This encounter from E3 is one of the problems with video game journalism
I've never been so embarrassed by another journalist's behavior to the point of having to apologize to PR or a dev on their behalf . Especially when I don't work with said journalist. But that's exactly what happened at E3 last week. This isn't news. This is more of an experience piece, so readers like you can see what goes on behind the booth walls at E3. This experience made me embarrassed of the industry that I work for... that I love.
This took place during my appointment with Disney Interactive for Disney Infinity 2.0: Marvel Super Heroes. Basically, if you had an appointment or waited in line to play/see the game, you came away with a figurine of one of the new characters; I saw Hawkeye and Iron Fist, but there might have been more. There were so many people visiting their booth on Tuesday, the first day of E3, that they ran out of figures for Wednesday and Thursday. Guess when my booth appointment was? Wednesday. No biggie -- I just wanted to play the game and see the skill tree in action.
My appointment was double-booked, so I shared it with another "journalist." I put journalist in quotations because even though he had a media pass, he ended up being extremely obnoxious, only there for free schwag. Picture Eric Cartman in his mid-20s with glasses.
The first thing he said to the PR representative assigned to us was, "When am I getting my figurine?" The PR guy said that they unfortunately ran out yesterday. Totally serious, Cartman responded, "So are you guys gonna mail me them then?" I stared in disbelief. That wasn't the worst part of it, though. After PR laughed that off, Cartman asked, " Well can you get me to the front of the Super Hero selfie line?" Again, no. He didn't deserve priority access in a line to take a selfie (that had nothing to do with video game coverage) over people that waited in line for an hour. This guy failed to understand the reason he was at E3. This is a classic example of a video game journalist feeling that he's entitled to perks or special treatment in exchange for his coverage.
The rest of the time he was rude to developers, other media members, and show attendees. He was the most important person in the world. As long as you give him free sh*t, you're fine.
Our news editor Matt Liebl hard at work in the media room during E3. Not the journalist mentioned in this article.
Readers and the gaming community already think that gaming journalists give scores based on the amount of free stuff they receive, or whether they have ads running. My E3 preview of Madden NFL 15 was positive, and one of the first comments was "paid off." I just shrugged it off. Most smart readers know that's not the case. However, seeing this behavior first-hand was eye-opening. I don't blame gamers for not trusting a lot of what they read on sites.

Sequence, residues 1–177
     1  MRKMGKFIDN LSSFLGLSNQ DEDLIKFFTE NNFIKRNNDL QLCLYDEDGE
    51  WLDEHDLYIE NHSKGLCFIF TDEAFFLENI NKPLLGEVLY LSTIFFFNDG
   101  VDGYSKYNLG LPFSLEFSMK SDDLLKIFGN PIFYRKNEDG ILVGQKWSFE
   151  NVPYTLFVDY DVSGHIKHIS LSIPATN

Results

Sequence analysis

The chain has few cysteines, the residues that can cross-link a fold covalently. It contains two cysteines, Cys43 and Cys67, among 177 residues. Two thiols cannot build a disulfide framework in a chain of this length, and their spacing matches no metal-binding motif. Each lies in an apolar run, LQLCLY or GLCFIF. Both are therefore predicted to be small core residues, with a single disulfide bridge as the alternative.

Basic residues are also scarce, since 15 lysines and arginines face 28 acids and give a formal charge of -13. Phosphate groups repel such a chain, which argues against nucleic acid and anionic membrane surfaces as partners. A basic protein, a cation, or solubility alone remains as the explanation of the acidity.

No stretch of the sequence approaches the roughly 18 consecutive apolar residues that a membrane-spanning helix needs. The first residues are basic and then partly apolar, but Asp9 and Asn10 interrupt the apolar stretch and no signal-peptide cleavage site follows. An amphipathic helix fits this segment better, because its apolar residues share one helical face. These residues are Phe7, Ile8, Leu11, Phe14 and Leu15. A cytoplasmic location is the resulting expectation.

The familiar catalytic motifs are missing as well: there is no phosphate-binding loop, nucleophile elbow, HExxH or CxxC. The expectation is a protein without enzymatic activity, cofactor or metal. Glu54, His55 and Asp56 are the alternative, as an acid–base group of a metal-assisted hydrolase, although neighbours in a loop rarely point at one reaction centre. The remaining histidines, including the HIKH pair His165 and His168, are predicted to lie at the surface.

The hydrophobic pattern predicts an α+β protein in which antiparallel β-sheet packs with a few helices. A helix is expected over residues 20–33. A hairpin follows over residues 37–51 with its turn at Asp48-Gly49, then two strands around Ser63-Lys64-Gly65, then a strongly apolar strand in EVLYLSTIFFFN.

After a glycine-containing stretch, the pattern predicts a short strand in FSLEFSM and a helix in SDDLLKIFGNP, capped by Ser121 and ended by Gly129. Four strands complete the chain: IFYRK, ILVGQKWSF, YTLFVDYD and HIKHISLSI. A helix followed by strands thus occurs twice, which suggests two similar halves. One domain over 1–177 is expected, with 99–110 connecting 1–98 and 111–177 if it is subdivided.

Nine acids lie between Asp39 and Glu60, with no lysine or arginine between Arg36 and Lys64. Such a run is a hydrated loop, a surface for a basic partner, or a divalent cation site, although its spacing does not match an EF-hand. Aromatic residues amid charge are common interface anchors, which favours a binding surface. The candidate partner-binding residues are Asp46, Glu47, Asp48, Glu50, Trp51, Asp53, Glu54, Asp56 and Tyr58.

I personally apologized to the PR guy and voiced how ridiculous I thought Cartman was. I was so embarrassed. He agreed with me and told me that a good amount of the "journalists" he interacts with have no sense of what's appropriate. Since I got some hands-on time the day before in my spare time, I let Cartman hog the controller while I asked questions and got some "off the record" reveals. I'm not going to post them. E3 for me is about building relationships and trust. I live in South Florida, so that's my opportunity to see the people I email on a week-to-week basis. I have to use this as contact building. (I did get some juicy info but since we want to maintain a good relationship with PR, I won't be writing about that until we're allowed.)
The lack of professionalism in video game journalism is jarring to me. A lot of it is due to the fact that anyone can start a coverage site or blog. Heck, before I started at GameZone, I just played a lot of video games while I worked at a Teen Center. Writing was a hobby for me. What difference is there between myself and Cartman? Objectivity would be my main answer. Of course, I'm speaking about myself, so how objective am I really being?
On the last day of E3, I also saw Cartman at my WB Games appointment. He was being rude to a girl at the media reception desk because he couldn't get in with his media badge, even though he didn't make an appointment. That entitled brat. I'm happy to say he didn't get in, and I smiled from the waiting room.
P.S. I'll happily disclose the free stuff I got from E3: five t-shirts, a pin, a statue of Geralt and copy of The Witcher 3, and a poster. Oh, and I got a Hawkeye figure from my Fantasia appointment. None of it was asked for. None of it has affected my coverage of a game, nor did I ever ask what free stuff I could get from someone that wasn't providing any.